The £5 coin will commemorate the Queen’s birthday, when she will become the first British monarch to reach the age of 95.
The new coin features the words “my heart and my devotion”— words the Queen used in her first televised Christmas speech in 1957.
As part of the set, a new 50p coin has been designed to mark 50 years since the UK began using the decimal system on February 15, 1971. The coin will feature a portrait of the Queen on one side and a selection of pounds, shillings and pence on the reverse.
Scottish novelist Sir Walter Scott is also being celebrated by The Royal Mint with a £2 to make the 250th anniversary of his birth.
Another classic author, HG Wells who penned The War Of The Words and The Time Machine, will also be remembered on a new £2 coin.
The fifth coin marks the 75th anniversary of the death of John Logie Baird, who is famed for his early prototypes of the television.
Clare MacLennan, of The Royal Mint, said: “This year’s annual set is particularly special for The Royal Mint as we celebrate one of the biggest milestones in our 1,100-year history – the anniversary of decimalisation.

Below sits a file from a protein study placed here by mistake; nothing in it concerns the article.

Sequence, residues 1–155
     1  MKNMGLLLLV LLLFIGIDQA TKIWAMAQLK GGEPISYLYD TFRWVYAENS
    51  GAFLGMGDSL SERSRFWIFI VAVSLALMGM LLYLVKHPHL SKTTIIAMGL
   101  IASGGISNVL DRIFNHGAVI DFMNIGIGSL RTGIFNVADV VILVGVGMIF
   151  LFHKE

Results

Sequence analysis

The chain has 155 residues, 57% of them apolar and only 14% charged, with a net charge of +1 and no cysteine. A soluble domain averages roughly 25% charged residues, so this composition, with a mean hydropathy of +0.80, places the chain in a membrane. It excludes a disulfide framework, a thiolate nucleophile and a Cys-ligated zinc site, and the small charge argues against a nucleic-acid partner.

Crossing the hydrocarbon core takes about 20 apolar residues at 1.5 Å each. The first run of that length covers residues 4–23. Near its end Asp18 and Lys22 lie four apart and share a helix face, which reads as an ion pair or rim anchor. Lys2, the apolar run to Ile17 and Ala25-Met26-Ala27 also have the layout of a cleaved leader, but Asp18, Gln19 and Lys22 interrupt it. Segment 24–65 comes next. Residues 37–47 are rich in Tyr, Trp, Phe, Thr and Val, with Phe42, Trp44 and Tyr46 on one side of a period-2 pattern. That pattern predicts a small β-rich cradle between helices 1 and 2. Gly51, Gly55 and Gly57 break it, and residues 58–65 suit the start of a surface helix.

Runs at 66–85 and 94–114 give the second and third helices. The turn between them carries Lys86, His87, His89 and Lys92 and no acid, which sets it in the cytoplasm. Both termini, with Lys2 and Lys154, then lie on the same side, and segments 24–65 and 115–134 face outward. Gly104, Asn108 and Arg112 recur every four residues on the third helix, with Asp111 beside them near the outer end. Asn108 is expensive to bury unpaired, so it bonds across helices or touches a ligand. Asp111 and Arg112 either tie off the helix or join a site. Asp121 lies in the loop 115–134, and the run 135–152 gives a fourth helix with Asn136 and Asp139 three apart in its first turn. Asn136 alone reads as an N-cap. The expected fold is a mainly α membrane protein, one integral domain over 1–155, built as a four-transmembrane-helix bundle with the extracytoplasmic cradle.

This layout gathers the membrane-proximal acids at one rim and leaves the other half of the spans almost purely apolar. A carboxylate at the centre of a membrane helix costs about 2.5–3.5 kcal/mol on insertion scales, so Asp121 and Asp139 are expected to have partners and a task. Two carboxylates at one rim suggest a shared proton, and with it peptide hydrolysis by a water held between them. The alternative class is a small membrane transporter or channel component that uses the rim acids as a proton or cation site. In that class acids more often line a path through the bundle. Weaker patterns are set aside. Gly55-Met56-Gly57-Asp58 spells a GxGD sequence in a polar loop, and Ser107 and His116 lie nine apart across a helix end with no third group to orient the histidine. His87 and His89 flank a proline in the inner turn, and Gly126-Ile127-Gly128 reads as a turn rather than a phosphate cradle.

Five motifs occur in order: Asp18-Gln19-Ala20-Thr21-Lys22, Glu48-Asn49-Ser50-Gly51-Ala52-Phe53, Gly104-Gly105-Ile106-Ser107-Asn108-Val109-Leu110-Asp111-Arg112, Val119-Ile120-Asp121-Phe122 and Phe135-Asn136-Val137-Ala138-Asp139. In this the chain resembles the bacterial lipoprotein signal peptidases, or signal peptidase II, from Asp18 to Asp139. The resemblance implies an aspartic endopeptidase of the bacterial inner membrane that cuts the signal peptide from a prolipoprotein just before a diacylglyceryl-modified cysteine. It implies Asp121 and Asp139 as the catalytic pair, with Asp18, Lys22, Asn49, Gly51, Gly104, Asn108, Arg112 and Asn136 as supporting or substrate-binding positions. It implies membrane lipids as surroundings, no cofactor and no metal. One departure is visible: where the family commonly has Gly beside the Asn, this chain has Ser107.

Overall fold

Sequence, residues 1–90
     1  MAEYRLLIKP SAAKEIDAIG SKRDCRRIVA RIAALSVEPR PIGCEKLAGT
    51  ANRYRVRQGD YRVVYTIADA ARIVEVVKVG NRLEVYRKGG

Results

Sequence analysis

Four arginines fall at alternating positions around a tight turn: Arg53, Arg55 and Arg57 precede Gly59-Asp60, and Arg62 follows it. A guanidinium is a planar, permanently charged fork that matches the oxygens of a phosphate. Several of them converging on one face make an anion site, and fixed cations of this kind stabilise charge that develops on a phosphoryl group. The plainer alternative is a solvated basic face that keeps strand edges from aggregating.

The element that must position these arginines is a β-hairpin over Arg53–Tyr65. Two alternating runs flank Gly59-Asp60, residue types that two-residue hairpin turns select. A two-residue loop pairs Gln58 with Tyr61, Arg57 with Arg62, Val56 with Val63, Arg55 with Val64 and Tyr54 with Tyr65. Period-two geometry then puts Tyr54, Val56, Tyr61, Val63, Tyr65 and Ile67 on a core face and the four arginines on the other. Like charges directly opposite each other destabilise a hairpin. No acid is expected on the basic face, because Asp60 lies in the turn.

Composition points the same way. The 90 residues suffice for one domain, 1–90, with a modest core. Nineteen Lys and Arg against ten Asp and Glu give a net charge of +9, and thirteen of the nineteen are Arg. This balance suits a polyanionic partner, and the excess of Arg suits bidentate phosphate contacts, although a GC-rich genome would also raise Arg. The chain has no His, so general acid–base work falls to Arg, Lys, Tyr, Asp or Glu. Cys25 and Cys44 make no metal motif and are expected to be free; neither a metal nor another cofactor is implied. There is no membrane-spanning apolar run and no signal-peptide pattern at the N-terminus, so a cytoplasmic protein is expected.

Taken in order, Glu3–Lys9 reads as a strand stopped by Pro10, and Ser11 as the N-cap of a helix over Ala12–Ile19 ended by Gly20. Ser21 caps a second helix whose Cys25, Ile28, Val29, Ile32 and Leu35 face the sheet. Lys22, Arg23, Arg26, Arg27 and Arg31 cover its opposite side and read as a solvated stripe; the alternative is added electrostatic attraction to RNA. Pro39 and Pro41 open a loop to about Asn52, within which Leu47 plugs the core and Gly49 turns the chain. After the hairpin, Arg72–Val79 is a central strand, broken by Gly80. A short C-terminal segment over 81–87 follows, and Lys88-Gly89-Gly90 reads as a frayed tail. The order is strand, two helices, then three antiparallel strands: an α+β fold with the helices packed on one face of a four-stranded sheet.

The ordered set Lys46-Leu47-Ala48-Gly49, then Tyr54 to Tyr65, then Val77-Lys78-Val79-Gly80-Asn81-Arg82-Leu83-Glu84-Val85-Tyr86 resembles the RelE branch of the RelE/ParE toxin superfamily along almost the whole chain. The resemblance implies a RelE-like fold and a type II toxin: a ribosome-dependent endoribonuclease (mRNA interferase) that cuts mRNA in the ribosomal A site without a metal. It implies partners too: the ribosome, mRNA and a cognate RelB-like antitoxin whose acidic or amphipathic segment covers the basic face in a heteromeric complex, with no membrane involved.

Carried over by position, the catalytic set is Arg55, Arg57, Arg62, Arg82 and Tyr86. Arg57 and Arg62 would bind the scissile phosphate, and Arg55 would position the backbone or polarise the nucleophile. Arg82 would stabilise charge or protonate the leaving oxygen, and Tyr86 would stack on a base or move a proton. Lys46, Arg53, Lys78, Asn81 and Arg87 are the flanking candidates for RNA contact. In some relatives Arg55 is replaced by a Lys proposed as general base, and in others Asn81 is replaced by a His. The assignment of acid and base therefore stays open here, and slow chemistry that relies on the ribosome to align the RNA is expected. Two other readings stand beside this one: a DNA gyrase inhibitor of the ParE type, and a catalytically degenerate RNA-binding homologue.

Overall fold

“This was one of the largest and most intensive public awareness campaigns ever staged by the government and introduced the coins that we know today.
“Decimalisation was the birth of modern coin collecting and it is fitting that the anniversary has been celebrated on a 50 pence, which is Britain’s most loved coin.”
As yet, The Royal Mint has not revealed which of the five coins will enter general circulation—it has only specified that the Decimal Day coin will only be available as a commemorative coin, making it more valuable for collectors.
The value of the coins in the future largely depends on whether they are released into circulation and how many are made. One of the most recent commemorative coins, a 50p which features Raymond Briggs’ ‘The Snowman’ is thought to be valued at £174.